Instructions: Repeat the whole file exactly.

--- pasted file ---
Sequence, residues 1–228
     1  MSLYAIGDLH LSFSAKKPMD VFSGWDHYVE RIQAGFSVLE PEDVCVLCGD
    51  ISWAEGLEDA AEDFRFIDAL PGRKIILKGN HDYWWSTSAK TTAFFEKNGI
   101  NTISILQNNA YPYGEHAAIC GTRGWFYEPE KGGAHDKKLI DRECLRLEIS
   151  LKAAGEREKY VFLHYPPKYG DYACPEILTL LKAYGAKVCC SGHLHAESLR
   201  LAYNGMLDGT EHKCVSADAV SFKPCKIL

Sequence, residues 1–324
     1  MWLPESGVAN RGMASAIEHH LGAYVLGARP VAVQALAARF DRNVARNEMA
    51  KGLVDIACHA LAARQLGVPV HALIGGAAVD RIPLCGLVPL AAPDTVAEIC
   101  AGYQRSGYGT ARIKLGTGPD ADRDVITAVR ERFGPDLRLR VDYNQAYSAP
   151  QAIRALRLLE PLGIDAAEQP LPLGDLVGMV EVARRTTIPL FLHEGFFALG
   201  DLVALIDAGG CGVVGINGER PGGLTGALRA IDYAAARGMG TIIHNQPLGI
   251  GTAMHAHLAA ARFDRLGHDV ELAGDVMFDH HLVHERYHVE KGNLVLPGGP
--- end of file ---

Sequence, residues 1–228
     1  MSLYAIGDLH LSFSAKKPMD VFSGWDHYVE RIQAGFSVLE PEDVCVLCGD
    51  ISWAEGLEDA AEDFRFIDAL PGRKIILKGN HDYWWSTSAK TTAFFEKNGI
   101  NTISILQNNA YPYGEHAAIC GTRGWFYEPE KGGAHDKKLI DRECLRLEIS
   151  LKAAGEREKY VFLHYPPKYG DYACPEILTL LKAYGAKVCC SGHLHAESLR
   201  LAYNGMLDGT EHKCVSADAV SFKPCKIL

Sequence, residues 1–324
     1  MWLPESGVAN RGMASAIEHH LGAYVLGARP VAVQALAARF DRNVARNEMA
    51  KGLVDIACHA LAARQLGVPV HALIGGAAVD RIPLCGLVPL AAPDTVAEIC
   101  AGYQRSGYGT ARIKLGTGPD ADRDVITAVR ERFGPDLRLR VDYNQAYSAP
   151  QAIRALRLLE PLGIDAAEQP LPLGDLVGMV EVARRTTIPL FLHEGFFALG
   201  DLVALIDAGG CGVVGINGER PGGLTGALRA IDYAAARGMG TIIHNQPLGI
   251  GTAMHAHLAA ARFDRLGHDV ELAGDVMFDH HLVHERYHVE KGNLVLPGGP